It’s clear that the AML monitoring concepts of detection, workflow, case management and reporting provide important and proven capabilities to help implement a sound and cost-effective compliance program for FATCA or, if relevant, an Intergovernmental Agreement struck between any given country and the United States.
Finding Needles in the Haystack
Under FATCA, and the model IGAs, a new individual customer is not relevant until and unless the aggregated balance of their depository accounts exceeds $50,000 on the last day of a given calendar year beginning with 31 December 2014. Only when that threshold is met is there a requirement to ask a customer for self-certification, and confirm the reasonableness of that self-certification against information collected at account opening.
In this instance, an AML monitoring system should be able to easily select and alert institutions to customers who fit this description once a year. This would minimize the work that needs doing, whilst maximizing the time available to do it and ensure that institutions avoid potentially alienating local customers who don’t fit the criteria. By aggregating end-of-year balances across accounts opened by a client after a certain date, it could simply create a list of people every January 1st from which self certification is needed to be obtained in the next 90 days.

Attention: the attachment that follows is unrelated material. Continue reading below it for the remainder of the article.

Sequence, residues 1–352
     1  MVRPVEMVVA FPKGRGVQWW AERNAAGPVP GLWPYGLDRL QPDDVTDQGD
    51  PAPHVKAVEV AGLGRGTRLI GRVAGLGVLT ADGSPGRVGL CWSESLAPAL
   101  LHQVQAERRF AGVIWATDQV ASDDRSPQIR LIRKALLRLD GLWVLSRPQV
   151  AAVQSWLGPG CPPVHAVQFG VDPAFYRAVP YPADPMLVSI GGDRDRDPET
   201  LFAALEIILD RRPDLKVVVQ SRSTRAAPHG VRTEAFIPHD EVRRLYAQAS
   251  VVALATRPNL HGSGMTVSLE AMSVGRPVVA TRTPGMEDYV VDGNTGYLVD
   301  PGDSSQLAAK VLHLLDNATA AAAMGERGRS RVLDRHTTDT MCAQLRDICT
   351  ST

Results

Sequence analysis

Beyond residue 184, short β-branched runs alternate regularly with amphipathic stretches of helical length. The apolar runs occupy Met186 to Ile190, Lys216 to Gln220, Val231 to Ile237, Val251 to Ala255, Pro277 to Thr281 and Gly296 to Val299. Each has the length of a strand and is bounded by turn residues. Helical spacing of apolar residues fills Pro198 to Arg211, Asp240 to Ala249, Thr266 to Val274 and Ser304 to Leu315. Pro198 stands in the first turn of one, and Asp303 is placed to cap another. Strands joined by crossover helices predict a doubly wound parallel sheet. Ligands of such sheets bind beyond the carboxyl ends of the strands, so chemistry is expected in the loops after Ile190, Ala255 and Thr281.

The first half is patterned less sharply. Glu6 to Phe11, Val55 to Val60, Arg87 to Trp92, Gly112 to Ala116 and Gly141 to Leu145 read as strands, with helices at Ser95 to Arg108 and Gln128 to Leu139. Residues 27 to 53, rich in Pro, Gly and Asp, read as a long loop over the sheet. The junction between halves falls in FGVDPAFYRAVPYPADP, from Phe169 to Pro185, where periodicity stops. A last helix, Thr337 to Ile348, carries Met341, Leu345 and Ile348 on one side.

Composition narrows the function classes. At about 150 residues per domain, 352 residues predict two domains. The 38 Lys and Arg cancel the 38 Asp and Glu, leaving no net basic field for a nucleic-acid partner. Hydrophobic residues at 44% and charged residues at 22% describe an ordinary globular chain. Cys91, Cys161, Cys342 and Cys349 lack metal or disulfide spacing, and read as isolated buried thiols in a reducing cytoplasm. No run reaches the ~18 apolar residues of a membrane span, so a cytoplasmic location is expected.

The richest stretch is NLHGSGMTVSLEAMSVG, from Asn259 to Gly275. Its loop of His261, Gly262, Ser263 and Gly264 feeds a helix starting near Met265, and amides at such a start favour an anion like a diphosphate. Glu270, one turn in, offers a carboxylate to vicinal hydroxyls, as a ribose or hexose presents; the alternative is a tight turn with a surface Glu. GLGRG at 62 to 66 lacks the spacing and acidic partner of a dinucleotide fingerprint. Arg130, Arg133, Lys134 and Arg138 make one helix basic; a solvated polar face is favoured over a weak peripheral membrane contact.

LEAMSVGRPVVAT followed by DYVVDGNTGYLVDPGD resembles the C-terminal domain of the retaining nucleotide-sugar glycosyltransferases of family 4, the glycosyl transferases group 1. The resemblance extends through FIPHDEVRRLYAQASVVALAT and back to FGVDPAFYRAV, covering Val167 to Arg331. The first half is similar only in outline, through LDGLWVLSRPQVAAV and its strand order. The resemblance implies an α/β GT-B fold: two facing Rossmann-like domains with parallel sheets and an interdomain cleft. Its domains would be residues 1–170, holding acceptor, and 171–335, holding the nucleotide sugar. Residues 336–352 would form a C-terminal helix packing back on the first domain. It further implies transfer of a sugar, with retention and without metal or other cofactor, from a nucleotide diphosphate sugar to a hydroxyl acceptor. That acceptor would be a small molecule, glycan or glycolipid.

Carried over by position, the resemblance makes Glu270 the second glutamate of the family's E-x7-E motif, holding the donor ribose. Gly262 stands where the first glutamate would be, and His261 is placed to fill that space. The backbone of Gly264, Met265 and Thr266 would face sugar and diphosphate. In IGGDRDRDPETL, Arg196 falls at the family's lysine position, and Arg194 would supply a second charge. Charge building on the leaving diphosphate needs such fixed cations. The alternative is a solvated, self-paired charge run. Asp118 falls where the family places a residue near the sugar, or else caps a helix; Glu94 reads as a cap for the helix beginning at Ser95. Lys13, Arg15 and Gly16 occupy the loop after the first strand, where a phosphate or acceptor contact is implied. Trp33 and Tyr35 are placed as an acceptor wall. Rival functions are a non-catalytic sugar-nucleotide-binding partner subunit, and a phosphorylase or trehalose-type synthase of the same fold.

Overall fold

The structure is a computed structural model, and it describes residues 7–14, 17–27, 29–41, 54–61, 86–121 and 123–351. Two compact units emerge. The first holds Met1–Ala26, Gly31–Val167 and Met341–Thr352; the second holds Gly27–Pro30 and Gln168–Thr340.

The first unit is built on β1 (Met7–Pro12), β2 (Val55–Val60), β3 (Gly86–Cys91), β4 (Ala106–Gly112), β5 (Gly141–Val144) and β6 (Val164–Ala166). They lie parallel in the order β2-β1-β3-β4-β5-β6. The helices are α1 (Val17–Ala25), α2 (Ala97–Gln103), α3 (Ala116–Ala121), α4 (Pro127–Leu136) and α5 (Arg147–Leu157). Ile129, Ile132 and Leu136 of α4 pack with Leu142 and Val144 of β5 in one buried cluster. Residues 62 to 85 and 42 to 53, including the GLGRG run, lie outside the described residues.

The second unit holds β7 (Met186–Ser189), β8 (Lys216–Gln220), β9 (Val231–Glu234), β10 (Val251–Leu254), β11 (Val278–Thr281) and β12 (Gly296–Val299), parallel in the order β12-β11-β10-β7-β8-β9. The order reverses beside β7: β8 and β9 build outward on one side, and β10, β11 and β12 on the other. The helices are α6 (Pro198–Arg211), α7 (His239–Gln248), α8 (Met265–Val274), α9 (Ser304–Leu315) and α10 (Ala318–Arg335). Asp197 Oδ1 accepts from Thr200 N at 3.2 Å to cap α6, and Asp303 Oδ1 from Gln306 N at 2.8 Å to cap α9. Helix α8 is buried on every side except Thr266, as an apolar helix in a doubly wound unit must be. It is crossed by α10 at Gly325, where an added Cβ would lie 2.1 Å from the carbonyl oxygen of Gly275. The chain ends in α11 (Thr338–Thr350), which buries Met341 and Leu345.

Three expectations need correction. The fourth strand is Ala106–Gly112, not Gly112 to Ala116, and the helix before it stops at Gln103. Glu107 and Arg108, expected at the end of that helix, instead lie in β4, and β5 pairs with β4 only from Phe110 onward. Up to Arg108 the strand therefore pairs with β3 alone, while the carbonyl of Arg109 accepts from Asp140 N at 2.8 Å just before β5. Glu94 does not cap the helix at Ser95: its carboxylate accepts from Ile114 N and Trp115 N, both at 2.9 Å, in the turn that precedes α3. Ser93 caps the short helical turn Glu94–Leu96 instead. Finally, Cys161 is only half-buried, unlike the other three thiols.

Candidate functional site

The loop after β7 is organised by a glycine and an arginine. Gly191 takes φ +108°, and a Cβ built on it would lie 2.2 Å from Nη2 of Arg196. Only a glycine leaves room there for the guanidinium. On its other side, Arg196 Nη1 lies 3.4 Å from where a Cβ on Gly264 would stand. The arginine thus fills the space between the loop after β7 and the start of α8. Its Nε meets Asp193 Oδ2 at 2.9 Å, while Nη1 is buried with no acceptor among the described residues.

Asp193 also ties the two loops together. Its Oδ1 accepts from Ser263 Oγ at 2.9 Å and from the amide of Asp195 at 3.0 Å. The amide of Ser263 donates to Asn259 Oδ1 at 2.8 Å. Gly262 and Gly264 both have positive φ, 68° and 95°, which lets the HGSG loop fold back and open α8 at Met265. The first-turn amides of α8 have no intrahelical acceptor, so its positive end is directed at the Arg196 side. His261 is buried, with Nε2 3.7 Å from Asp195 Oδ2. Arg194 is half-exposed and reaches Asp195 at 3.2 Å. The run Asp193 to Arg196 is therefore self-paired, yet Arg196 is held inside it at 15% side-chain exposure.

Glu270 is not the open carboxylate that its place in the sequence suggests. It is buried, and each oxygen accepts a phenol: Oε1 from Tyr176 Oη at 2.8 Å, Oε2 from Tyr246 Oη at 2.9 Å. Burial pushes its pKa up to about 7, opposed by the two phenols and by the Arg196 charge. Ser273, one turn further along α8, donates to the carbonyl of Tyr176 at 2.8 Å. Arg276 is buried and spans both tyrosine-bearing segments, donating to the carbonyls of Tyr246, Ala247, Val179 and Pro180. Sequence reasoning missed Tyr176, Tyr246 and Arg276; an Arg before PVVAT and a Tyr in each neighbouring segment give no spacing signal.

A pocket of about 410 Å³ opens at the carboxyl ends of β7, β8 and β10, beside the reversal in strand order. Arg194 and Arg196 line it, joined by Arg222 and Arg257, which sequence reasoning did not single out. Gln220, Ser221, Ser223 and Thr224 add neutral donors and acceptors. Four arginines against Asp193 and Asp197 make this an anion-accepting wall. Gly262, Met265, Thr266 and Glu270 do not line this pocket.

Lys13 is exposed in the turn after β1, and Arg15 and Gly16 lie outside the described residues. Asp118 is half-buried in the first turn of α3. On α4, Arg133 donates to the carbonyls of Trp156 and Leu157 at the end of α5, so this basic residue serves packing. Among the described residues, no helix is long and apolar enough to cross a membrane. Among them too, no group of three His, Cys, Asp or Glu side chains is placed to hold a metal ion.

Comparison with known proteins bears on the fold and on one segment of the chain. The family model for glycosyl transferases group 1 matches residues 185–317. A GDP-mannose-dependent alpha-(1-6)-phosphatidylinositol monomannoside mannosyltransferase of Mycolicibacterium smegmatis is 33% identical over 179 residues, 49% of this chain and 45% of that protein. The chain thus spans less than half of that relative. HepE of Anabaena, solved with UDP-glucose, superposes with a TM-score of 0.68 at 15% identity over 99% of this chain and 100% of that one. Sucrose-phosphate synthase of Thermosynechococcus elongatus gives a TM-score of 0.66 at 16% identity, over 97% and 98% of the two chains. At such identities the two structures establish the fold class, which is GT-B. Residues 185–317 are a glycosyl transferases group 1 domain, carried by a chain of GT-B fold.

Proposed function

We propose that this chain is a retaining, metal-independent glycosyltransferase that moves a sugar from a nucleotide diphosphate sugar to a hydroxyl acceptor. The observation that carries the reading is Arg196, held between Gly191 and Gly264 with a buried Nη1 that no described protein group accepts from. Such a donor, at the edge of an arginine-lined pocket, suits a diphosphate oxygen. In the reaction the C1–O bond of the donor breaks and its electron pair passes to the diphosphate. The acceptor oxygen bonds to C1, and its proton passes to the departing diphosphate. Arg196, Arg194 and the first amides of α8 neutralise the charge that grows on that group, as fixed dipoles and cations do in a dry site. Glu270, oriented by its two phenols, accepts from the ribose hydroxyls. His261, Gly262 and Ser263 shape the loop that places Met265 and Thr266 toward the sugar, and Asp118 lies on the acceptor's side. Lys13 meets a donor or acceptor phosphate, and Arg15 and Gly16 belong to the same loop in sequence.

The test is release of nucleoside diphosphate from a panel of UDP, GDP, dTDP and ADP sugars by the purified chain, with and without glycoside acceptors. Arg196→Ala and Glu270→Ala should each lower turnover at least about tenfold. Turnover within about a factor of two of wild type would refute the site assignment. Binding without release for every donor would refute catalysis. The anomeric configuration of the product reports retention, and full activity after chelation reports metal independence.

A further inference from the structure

That said, many institutions do choose to make self-certification a standard part of their onboarding Know-Your-Customer (KYC) process. The rationale being that once a customer has gone through account opening, getting them to respond to this sort of request at some point in the future may be more difficult.
Either way, an AML monitoring system can automatically check each customer’s self-certification claim against the relevant AML data it received, such as address, phone number and country of birth. The system can then provide a “stamp for approval” if no contradictions are found, or issue an alert and/or trigger a remediation workflow if something is wrong or missing.
The need for automated logic extends to other parts of FATCA as well. Applying the regulations’ thresholds can reduce the number of pre-existing accounts for which the institution needs to search electronic and paper records for U.S. indicia. Similarly, it can pre-select only those entity, account and payment types relevant to the regulation. Further, you must also consider how you can prevent unnecessary work for customers who went through remediation or self-certification last year. It’s this kind of slicing-and-dicing that AML monitoring systems have been doing for years, so leveraging that capability for FATCA is both effective and efficient.